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In this paper, the authorization is reproduced from: tadpole five-wire spectrum (ID:kedo2011). Compilation: clear sky flying swallow.
If you are no different from ordinary people, you may not be able to stand the sound of fingernails scratching through the blackboard, which feels like.
Since most people are extremely annoyed with this kind of ear-sharp sound, it is not surprising that research on why this kind of sound can stimulate a similar instinctive response has attracted the attention of many scientists.
Overall, research has shown that this "blue-skinned mushroom" noise has the same frequency as baby crying and human screaming, indicating that these sounds are associated with "survival." For example, people think that this frequency of sound can make people cry faster to cry the baby, extending the life of the baby.
A study shows that our aversion to this harsh sound is due to the shape and perception of our ear canal.
Participants in the study assessed different annoying noises improperly. These sounds include the sound of chopsticks scraping plates, the sound of foam polystyrene friction, and so on. The most uncomfortable sounds rated by the participants were the sound of fingers scraping through the blackboard and the sound of chalk scraping through rocks.
The researchers then created variants of the sounds by adjusting the frequency range of the two sounds and removing harmonic parts (or other harmonious tones). They told 50 percent of the subjects the true source of the sound, while the other half were told that the sound came from several pieces of contemporary music. In the end, they played the relevant sounds to the two groups of participants and monitored the subjects' heart rate, blood and skin conductivity and other stress indicators at the same time.
They found that this annoying sound significantly changed the conductivity of the listener's skin. This suggests that the sound does cause a major physical stress response.
Michelle Earler, professor at the School of Media and Music Management, Department of Applied Science, University of McComedia, Germany, said:
"The most painful frequencies are not the lowest or highest frequencies, but those between 2000 and 4000 Hz. Human ears are most sensitive to the frequency of sound in this range."
Professor Earler points out that the shape of the human ear canal may evolve to amplify the frequency of certain sounds related to communication and survival. Ear canal evolution is good for humans, but it also has side effects: it is extremely painful when the finger scratches through the blackboard and is magnified. "but it's really just a theory, and now the only thing we can be sure of is that we've found a source of this unpleasant frequency."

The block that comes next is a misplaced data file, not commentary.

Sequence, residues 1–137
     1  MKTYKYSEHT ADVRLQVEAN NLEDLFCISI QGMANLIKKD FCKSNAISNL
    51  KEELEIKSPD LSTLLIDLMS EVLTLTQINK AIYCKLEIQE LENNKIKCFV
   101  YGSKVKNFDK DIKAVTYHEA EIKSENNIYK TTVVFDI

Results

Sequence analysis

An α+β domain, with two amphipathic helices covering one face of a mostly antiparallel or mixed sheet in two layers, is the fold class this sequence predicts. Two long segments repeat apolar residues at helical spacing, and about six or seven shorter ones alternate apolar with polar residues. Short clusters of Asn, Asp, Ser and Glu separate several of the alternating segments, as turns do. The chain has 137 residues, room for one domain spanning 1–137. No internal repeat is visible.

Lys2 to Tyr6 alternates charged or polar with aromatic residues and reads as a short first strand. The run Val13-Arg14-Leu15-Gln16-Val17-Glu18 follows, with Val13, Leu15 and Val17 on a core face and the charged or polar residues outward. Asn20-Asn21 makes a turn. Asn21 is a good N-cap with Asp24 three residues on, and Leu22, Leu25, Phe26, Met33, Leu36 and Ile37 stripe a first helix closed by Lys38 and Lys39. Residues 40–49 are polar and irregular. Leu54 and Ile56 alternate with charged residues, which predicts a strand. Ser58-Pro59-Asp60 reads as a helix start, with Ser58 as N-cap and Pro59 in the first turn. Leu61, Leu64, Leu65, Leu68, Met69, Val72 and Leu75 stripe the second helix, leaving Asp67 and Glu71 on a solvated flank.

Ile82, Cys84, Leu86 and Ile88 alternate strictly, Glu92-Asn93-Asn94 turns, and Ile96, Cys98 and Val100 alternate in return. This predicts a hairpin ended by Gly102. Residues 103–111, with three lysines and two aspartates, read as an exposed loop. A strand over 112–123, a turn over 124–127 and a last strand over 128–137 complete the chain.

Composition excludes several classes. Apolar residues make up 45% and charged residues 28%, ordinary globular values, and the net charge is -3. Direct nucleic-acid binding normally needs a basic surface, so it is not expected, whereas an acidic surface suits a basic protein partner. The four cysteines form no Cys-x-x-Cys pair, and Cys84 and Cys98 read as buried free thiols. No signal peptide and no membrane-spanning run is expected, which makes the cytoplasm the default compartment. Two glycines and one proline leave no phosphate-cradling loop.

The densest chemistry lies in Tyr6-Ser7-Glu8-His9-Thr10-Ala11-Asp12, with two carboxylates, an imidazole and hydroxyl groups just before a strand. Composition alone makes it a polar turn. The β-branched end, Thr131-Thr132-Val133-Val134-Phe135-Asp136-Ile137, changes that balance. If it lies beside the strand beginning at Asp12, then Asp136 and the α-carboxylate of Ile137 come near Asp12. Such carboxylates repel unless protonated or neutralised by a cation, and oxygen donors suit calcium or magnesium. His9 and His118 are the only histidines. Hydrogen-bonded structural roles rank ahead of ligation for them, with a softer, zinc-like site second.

In the study, listeners who were told that the sound came from music thought the sound was more comfortable, Professor Earler said. (but this does not deceive their bodies because the skin conductivity of both groups of listeners in the experiment changed the same.) This suggests that if we don't have very annoying and negative presuppositions about this sound, it may not be so annoying.
The choice of the brain
Another study published in the Journal of Neurology in 2012 revealed changes in the human brain when people hear such sharp sounds. Studies have shown that the sound of a finger across the blackboard causes a stronger exchange of hearing and affection in the brain.
In this study, 13 subjects listened to a total of 74 sounds, including the sound of nails across the blackboard and the noise of power tools, and scored the pleasure of these sounds based on their feelings. The researchers used functional magnetic resonance imaging to determine how the subject's brain responded to these sounds.
When the subjects heard an unpleasant sound, the auditory cortex that processed the sound and the almond area that dealt with negative emotions interacted.
"this seems to confirm a very primitive view that when you hear unpleasant sounds, the almond body of the brain may transmit a distress signal to the auditory cortex," said Sekubeid Kurma, a member of the Newcastle University research team. "this seems to confirm a very primitive view that when you hear unpleasant sounds, the almond body of the brain may transmit a distress signal to the auditory cortex."
In addition, the researchers say that the more dissatisfaction this sound brings, the more active the activity in these two regions of the brain. Based on the subject's ratings, the researchers found that the most unpleasant sounds included the sound of a knife across the bottle, the sound of a fork across the glass, and the sound of chalk across the blackboard. The best sounds to listen to include water, thunder and children's laughter.
Funny Nobel Prize
In 2006, a study that investigated all the sharp voices received a funny Nobel Prize from the Impossible Research Association. The study was published in Perception and Psychophysics in 1986, in which scientists recorded the sound of gardening tools scratching the blackboard. Next, the researchers constantly adjusted the frequency of the sound and removed the high, medium and low frequencies in different recordings.
When the researchers played the adjusted sound to the volunteers, they found that removing high-frequency sounds did not make the whole sound more enjoyable. Instead, they learned in medical journals that deleting intermediate and low frequency sounds can make the whole sound more moving.
In addition, the researchers found that the gorilla-warning cry and the sound of fingers crossing the blackboard have similarities. Perhaps people have an unconscious reflection of such sounds, because such sounds and warning signals have mysterious similarities, the researchers told Medical Health.